Feeling defeated, I splash some water on my knee at the water fountain and sit down at the benches.  I have no idea what I’m doing wrong and I attempt to watch other people unclip.  It’s a hard to learn this way though since it’s hard to really see what’s going on from afar and I’m concerned my staring might come off as creepy.  Kristin does 2 more loops before she stops and comes over to me, immediately spotting the blood on my knee.  She instructs me to walk back to the lot with her and try again.  I reluctantly follow and after stalling for a bit, attempt it again. This time, a group of guys have gathered at a nearby picnic table.  Perfect! I was hoping for an audience.  As I’m unclipping and leaning, I start to fall left again, but this time, manage to unclip my left foot in time and catch myself.  Kristin then tells me that I’m falling because I’m putting all my weight on the left side because I’m unclipping when my right foot is at the top. She tells me to try again but to unclip when my right foot is at the bottom.  Hm.  This makes perfect sense to me and I wonder how this didn’t occur to me earlier.  Still incredibly nervous, I agree to try again.  Alas, it works!  My landing was a little rough with a few hops, but I didn’t fall!  I did it a few more times with Kristin’s supervision and then continued to practice on my own while she went to finish her ride.

We finished off the set with a 15-minute run (+1 extra minute because we’re overachievers), as scheduled.  I may not have gotten the 30-minute bike ride originally planned, but at least I did the run, haha.  I’m still not terribly confident with the clipless pedals so I’ll definitely practice again and in the meanwhile, I’ll do my rides on the trainer until I’m comfortable on the road.  Hopefully it won’t take too long!!

(FYI, I’m on 5.)

Easy pedals? I hope so.

You’ve heard the saying, “it’s just like riding a bike,” implying that if you’ve ever done something, you’re not going to forget how to do it again.  This phrase does not apply to me.  Hoping on the road bike was NOTHING like riding my little bike when I was 12 where my feet could touch the ground and I could back peddle to stop the bike.  That became very clear on my first test ride at Bicycle World when I realized I wasn’t sure how to stop the bike and jumped off with both feet in the air.

From the start, my relationship with my road bike was turbulent.  In the first couple of months, Connie flung me to the ground on, not one, but two occasions, resulting in stitches, 3 ER visits (it’s not as bad as it sounds), ugly scars (those are bad), and ridiculous medical bills. This lead me to conclude that my bike must be female because this seems like female behavior (kidding, but kinda true…).  And because I’m a fan of alliteration, I decided her name should be Connie– Connie, the Scott Contessa Speedster.   Most people would not stand for this sort of abuse, but I was stubborn and refused to let this deter me from my triathlon goals!  I proceeded cautiously and my rides have been relatively smooth since.

Look Keo Easy pedals

After nearly a year of owning my bike and completing 3 triathlons (2 sprints and 1 super sprint), I finally mustered the courage to install clipless pedals this past weekend.  While this may not be a big deal to many people, I am incredibly anxious. I’ve practiced clipping in and out on my trainer, but I am under no illusion that it’ll be just as easy.  Everyone tells me that falling is inevitable.  It’ll most likely be when I’m at a complete stop, so it’s not going to be some terrible fall, but it WILL be embarrassing and most likely in front of a large crowd of people.  Excellent. Given my past experience and scars, the idea of falling still terrifies me, but I guess I have to attempt it to overcome it!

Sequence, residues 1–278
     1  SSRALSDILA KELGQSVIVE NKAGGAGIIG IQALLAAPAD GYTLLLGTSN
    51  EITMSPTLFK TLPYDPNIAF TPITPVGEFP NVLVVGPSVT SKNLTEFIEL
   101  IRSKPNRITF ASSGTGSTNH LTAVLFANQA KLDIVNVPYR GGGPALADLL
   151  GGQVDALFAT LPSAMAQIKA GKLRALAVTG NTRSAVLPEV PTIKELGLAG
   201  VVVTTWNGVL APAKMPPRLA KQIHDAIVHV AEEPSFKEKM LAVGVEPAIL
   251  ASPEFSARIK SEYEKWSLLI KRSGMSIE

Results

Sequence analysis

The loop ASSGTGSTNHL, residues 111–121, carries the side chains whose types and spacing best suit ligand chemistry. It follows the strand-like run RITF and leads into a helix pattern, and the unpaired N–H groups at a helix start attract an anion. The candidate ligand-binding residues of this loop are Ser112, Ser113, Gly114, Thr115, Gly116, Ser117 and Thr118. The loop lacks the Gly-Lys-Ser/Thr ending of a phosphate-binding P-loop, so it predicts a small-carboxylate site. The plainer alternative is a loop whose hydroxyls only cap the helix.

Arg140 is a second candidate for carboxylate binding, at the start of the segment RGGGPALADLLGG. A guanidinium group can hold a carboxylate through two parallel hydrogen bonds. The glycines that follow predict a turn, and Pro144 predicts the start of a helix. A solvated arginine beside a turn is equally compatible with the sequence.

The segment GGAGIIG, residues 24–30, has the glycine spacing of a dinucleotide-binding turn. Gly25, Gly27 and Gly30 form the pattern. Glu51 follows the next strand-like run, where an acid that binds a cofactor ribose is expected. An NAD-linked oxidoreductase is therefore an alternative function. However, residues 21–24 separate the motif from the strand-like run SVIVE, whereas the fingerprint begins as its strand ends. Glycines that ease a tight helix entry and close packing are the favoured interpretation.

Everyone falls at some point in time, and for me, it happened to be on my first bike ride.  We convened on the north side of Memorial Park and rode to the south side to the Picnic Loop.  While this may not sound like a daunting task, riding on a street was terrifying for me!  I’ve been afraid of riding a bike on a street for as long as I can remember, much less on a borrowed road bike for the first time in over a decade (not counting the one time I tested out a bike in the parking lot of Bicycle World).

I practiced turning and stopping/starting, but by the time we reached the loop, the sky was quickly getting dark and we had to rely on the park street lamps to light our way.  Upon completing the first loop, I was instructed to take a right turn.  I was unprepared for this, and as my mind raced to determine how much I needed to slow down to turn or if I should just go straight, the turn quickly approached.  Before I knew it, the bike rebelled and ejected me, throwing me to the right!  BAD BIKE.  Just kidding.  I’m not sure what exactly happened– I think I half tried to turn and half tried to stop, and just ended up falling to the right side, and with my foot still in the pedal cage, I took a nasty fall, hitting the pavement and rolling into the dirt ditch. Ouch.

My friend that had been right behind me told me later that he saw my right knee turn white (as the top layer of skin had been scraped off) before gushing blood.  Awesome.  Both of my knees were scraped up, the palm of my hands, and my right knuckles.  A few of us jogged the 3/4 mile back to the cars while two guys walked the bikes back.   I was a bit embarrassed by my fall and perhaps I felt the need to prove myself or something, so I decided to finish the rest of the workout and run the loop, instead of going home to clean up my battle wounds.  On hindsight, it probably looked a little ridiculous, me running with blood dripping down my legs.  I cleaned off my legs around the 2 mile point, but by the time we finished the loop, there was blood going down my right leg again.

Gross, right?  Ah well, these things happen and I have every intention of mastering that bike once my hands heal!  The group is training for a sprint tri in July but I’ll probably have to sit out on that one and find a later one to sign up for.  Minor setback.  Note to self: replace the cage pedals with platform pedals.


I’m shopping for a bike!  I would like to spend between $500-$800 on the bike alone.  I figure that should be enough for a decent entry-level bike.  I went to visit Bicycle World over the weekend and tested out a $800 51cm Giant and a $3,000 48cm Cervelo.  I learned that it can be painful if a bike is too high for me and that I need some practice getting on and off a bike.  And turning.  Lol.  Clearly, I am out of practice.

Ooooooohhh, so pretty! This would match my workout clothes. =)

Too bad this baby is $2,000 (2012 Specialized Ruby Compact)!

More financially realistically speaking, maybe the Trek Lexa (retail $729.99):

or a Specialized Tricross (retail $990.00), which I believe is more of a hybrid bike:

That all black looks nice right?? Well, I’m going to continue my search… got to make a trip to Bike Barn soon!